The National Park Authority has recently welcomed a new farming officer to join its team, tasked with supporting the Lake District farming community.
Claire Foster has moved to the Lakes from Yorkshire and brings with her a wealth of experience that stands her in good stead to hit the ground running in her new role, which she describes as a passion, not a job.
Claire has farming in her blood as she was brought up on her parents’ tenanted arable farm just outside Leeds. She knew that she wanted to work in agriculture, so studied Sustainable Land Management at Askham Bryan College near York.
Her farm adviser career started with a role at the Farming and Wildlife Advisory Group (FWAG), based at Thirsk. It was this job that took Claire into Nidderdale, where she lived for 12 years, working on a variety of projects including Catchment Sensitive Farming, as well as facilitating a farmer group in Upper Nidderdale and developing projects with the Nidderdale AONB (Area of Outstanding Natural Beauty) team and Yorkshire Water.
During her work as an independent farm adviser in Yorkshire, Claire has supported predominantly upland beef and sheep farmers to access many environmental grants and schemes. Added to this is seven years’ experience as Farmer Coordinator for The Farmer Network, covering Nidderdale and the Eastern Yorkshire Dales. But she recognises that much of her working knowledge of upland farming is linked to her time spent living in Nidderdale, and her connection to Swaledale sheep.
She said: “Although it’s sad to leave the farming community of Nidderdale where I have spent the last 12 years supporting farmers there and living at the very centre of this community on a beef and sheep farm, I felt the time was right for a new challenge.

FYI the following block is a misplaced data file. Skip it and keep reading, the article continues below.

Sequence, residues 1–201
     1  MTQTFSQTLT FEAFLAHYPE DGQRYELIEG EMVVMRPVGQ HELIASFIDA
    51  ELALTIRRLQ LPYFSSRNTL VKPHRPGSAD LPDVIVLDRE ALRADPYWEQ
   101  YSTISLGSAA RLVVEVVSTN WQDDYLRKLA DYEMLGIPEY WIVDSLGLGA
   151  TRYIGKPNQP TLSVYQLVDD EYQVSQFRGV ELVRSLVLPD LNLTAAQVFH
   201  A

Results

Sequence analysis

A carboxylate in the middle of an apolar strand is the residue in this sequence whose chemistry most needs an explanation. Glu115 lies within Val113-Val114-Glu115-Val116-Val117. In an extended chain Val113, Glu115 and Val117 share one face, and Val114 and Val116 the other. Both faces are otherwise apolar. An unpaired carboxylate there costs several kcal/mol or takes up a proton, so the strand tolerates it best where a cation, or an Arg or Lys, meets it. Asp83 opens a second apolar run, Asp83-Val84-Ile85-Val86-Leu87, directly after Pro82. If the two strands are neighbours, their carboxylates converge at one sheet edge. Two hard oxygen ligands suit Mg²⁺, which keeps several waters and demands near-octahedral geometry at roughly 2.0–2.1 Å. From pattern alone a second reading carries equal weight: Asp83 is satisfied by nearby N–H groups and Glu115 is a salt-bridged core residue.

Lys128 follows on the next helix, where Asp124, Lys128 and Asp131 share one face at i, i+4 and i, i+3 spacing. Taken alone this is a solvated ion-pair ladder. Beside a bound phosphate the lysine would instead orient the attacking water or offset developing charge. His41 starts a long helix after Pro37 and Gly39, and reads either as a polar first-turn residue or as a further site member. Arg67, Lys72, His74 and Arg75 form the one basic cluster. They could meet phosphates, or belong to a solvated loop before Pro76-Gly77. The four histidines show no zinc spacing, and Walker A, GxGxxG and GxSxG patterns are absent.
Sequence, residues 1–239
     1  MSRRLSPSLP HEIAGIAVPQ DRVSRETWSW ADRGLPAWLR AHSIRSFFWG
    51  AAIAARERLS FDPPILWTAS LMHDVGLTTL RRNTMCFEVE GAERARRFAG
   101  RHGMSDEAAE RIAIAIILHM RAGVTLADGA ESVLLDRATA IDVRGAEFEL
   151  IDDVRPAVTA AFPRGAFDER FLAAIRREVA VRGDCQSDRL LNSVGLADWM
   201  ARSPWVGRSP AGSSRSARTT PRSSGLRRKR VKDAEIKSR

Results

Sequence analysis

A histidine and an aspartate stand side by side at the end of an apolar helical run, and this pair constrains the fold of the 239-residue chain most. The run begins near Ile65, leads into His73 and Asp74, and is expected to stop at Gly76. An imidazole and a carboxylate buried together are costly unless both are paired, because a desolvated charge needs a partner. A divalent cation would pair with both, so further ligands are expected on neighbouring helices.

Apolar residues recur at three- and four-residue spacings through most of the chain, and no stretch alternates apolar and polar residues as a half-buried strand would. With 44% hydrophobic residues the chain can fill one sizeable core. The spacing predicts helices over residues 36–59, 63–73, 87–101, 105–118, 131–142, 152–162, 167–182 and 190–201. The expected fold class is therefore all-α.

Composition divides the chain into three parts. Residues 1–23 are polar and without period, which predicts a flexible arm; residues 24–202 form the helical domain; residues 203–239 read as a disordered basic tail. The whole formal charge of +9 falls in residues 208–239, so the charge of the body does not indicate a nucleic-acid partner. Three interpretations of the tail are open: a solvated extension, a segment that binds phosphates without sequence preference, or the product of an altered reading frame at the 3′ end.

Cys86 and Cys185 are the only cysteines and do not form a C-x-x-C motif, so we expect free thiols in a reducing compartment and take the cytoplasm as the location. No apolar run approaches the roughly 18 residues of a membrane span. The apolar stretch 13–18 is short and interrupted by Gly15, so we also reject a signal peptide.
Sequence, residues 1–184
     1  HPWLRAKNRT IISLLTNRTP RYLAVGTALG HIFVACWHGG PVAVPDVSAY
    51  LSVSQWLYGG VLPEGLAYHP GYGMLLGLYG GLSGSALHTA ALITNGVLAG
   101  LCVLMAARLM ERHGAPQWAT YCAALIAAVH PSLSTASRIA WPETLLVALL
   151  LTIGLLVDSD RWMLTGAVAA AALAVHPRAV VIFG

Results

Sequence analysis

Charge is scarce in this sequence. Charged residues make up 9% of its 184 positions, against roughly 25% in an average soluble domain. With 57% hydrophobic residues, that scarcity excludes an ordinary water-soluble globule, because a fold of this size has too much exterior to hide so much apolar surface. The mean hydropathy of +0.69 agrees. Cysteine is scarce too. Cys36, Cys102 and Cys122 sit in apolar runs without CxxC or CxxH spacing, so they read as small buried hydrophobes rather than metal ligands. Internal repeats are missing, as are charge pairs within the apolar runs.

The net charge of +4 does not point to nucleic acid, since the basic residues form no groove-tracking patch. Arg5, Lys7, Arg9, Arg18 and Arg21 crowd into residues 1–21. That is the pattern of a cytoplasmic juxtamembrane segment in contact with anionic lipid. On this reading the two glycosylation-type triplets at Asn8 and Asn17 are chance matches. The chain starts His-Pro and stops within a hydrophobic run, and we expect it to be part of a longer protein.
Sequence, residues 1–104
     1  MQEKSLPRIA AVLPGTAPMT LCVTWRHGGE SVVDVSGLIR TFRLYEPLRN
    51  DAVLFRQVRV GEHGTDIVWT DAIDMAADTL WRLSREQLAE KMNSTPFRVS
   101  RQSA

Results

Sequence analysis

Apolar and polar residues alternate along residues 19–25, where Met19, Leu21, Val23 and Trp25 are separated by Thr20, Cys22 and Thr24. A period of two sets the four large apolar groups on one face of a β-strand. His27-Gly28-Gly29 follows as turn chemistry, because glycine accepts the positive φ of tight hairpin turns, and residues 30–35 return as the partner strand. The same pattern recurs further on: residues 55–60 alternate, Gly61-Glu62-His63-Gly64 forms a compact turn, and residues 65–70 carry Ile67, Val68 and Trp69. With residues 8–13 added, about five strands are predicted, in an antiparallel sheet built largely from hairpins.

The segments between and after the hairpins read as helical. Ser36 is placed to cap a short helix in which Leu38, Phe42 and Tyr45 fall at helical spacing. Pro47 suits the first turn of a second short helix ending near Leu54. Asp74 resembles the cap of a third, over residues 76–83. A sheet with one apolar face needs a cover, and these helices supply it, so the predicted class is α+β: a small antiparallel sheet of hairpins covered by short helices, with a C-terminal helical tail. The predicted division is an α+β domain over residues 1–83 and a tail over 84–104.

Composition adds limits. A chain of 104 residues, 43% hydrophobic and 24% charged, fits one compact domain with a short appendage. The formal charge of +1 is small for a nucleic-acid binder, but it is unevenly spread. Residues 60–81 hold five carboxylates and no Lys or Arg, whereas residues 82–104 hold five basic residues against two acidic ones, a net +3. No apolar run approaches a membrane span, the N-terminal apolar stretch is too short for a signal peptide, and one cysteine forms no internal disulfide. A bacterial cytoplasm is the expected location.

“I’m looking forward to getting out and about meeting Lake District farmers and attending shows and shepherds’ meets to get to know more about Lake District Farming methods and learn about this incredible landscape.
“I know the Lake District is very different to the upland areas I have previously worked in, particularly with commoning and fell farming and their respective challenges. But I know that many farmers are facing an uncertain future, and I am ready to learn fast and work hard to be able to improve this outlook.”
Claire joins the farming team as the Farming in Protected Landscapes grants programme goes from strength to strength. The funding has helped 161 projects already and there’s more than £1.4 million still available in the Lake District National Park before the end of the programme in March 2025.
Through this programme the National Park wants to meet the needs of the farming sector during the agricultural transition and reach farmers in the greatest need. The team wants to support more farm clusters working together to secure food production, support nature, address climate issues and protect cultural heritage.
For more information on the Farming in Protected Landscapes visit www.lakedistrict.gov.uk/fipl
Photo caption: Our photo shows Newly appointed Farming Officer Claire Foster left who joins Farming Assistant Eliza Hodgson on right.